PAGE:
Synthesis of computations and experiments for obtaining pulsatile gas flow rates from dynamic pressure difference measurements across an orifice-plate meter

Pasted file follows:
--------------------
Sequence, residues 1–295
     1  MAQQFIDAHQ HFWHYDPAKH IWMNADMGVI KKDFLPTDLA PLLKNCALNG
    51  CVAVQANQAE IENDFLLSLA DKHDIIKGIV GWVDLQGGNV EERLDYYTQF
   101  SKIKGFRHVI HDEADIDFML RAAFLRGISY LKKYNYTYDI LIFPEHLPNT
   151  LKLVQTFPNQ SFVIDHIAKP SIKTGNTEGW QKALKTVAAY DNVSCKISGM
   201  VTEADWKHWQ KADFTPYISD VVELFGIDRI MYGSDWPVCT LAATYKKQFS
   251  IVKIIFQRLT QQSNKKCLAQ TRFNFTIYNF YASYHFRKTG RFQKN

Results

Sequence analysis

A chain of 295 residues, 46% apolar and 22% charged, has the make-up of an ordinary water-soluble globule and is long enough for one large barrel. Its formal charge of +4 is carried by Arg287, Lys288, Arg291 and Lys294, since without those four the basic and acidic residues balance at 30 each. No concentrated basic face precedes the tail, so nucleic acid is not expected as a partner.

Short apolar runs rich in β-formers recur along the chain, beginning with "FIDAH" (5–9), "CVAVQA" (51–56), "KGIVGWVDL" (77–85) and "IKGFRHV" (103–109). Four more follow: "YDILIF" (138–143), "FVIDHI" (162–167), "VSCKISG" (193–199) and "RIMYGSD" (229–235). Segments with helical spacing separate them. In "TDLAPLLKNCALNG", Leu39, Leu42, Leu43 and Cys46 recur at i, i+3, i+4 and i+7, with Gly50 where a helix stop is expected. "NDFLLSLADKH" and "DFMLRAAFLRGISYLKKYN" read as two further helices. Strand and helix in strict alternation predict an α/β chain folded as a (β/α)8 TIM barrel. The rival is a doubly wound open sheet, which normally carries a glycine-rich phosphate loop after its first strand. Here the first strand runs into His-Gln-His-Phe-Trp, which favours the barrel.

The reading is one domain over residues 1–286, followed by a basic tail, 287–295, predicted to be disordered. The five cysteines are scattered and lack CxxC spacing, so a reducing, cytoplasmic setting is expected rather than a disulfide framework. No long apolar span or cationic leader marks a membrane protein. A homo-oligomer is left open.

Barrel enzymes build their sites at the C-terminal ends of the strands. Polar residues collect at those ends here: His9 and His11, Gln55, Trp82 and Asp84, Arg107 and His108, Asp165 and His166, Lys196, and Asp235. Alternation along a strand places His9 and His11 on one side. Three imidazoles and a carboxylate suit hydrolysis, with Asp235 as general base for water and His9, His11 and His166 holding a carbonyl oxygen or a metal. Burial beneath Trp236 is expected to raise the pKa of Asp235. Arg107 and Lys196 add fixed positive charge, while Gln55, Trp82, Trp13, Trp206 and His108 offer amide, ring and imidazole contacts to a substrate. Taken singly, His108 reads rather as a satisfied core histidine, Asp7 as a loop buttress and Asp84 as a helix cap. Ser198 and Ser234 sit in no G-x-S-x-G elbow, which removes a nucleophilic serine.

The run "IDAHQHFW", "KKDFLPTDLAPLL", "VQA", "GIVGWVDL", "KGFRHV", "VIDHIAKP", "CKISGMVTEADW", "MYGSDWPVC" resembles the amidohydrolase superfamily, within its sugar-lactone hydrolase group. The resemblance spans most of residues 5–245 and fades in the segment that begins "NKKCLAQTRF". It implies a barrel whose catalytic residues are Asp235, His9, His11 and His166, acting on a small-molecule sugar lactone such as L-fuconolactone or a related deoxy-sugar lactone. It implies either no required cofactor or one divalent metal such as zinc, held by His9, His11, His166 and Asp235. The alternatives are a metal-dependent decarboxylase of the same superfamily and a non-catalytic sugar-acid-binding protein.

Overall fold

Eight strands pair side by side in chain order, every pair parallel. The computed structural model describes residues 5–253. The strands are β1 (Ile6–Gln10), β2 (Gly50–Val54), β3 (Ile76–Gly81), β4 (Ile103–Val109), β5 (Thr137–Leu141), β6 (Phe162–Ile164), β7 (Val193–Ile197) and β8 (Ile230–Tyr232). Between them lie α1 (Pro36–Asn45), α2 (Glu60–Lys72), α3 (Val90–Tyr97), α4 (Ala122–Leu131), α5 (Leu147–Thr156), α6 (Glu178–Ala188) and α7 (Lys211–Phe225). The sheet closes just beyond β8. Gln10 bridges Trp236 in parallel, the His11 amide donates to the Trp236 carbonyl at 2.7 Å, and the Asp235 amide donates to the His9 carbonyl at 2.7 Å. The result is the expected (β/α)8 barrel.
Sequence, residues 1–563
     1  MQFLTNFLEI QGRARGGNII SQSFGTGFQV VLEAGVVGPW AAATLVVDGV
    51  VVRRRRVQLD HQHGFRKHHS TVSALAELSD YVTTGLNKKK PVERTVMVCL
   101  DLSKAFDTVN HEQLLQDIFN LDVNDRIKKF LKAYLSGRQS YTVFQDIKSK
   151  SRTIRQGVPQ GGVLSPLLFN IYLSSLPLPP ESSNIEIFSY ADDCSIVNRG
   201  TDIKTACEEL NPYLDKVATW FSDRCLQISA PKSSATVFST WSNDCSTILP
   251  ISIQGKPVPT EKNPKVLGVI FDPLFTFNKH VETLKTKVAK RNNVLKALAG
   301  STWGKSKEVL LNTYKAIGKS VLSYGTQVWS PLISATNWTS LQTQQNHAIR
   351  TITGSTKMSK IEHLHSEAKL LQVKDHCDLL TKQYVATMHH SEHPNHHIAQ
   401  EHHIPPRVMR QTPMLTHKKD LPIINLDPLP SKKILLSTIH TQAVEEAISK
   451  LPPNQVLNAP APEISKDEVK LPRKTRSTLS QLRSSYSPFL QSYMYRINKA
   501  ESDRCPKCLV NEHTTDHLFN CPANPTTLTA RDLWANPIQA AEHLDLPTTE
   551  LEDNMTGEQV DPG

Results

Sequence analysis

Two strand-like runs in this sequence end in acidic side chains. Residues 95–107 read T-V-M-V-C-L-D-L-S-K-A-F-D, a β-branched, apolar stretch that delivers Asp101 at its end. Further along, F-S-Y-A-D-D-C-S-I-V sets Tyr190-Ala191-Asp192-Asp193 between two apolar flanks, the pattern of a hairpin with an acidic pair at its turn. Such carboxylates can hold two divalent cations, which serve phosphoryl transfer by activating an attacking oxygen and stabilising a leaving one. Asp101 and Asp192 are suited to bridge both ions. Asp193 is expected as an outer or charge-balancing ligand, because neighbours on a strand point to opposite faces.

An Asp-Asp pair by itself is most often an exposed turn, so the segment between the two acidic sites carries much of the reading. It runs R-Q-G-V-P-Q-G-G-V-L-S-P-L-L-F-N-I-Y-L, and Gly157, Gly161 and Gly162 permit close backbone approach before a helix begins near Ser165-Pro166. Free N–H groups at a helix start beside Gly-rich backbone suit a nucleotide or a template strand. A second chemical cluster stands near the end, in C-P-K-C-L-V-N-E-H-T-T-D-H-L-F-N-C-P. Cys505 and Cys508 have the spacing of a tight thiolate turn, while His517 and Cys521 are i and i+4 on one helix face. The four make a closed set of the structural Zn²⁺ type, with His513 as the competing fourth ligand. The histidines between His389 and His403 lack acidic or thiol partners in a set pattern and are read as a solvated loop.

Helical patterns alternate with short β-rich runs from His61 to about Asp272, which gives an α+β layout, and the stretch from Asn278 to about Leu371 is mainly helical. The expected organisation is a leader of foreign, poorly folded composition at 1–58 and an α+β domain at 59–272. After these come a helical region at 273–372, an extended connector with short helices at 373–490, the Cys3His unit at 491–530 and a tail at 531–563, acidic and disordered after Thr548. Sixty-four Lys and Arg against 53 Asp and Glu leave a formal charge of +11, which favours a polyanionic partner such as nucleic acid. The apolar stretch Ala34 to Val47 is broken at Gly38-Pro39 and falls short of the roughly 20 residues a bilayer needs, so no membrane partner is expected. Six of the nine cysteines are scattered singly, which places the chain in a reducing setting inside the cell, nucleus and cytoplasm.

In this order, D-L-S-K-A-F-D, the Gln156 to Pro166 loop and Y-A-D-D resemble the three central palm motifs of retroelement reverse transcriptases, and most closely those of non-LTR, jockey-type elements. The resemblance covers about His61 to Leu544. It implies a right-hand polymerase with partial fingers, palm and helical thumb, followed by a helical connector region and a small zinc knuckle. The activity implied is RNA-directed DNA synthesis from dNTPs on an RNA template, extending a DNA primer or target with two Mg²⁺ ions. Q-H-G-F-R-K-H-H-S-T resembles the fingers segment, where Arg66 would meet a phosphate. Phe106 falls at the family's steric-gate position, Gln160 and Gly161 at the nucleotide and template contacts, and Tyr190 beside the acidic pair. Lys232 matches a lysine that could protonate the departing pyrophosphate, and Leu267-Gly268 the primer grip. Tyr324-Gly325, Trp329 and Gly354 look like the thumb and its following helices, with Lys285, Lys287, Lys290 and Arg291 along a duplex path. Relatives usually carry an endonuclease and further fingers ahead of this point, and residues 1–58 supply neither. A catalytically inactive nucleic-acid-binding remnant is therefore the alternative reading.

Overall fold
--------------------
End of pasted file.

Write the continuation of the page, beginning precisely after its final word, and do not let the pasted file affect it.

The use of conventional orifice-plate meter is typically restricted to measurements of steady flows. This study proposes a new and effective computational-experimental approach for measuring the time-varying (but steady-in-the-mean) nature of turbulent pulsatile gas flows. Low Mach number (effectively constant density) steady-in-the-mean gas flows with large amplitude fluctuations (whose highest significant frequency is characterized by the value fF) are termed pulsatile if the fluctuations have a direct correlation with the time-varying signature of the imposed dynamic pressure difference and, furthermore, they have fluctuation amplitudes that are significantly larger than those associated with turbulence or random acoustic wave signatures. The experimental aspect of the proposed calibration approach is based on use of Coriolis-meters (whose oscillating arm frequency fcoriolis >> fF) which are capable of effectively measuring the mean flow rate of the pulsatile flows. Together with the experimental measurements of the mean mass flow rate of these pulsatile flows, the computational approach presented here is shown to be effective in converting the dynamic pressure difference signal into the desired dynamic flow rate signal. The proposed approach is reliable because the time-varying flow rate predictions obtained for two different orifice-plate meters exhibit the approximately same qualitative, dominant features of the pulsatile flow.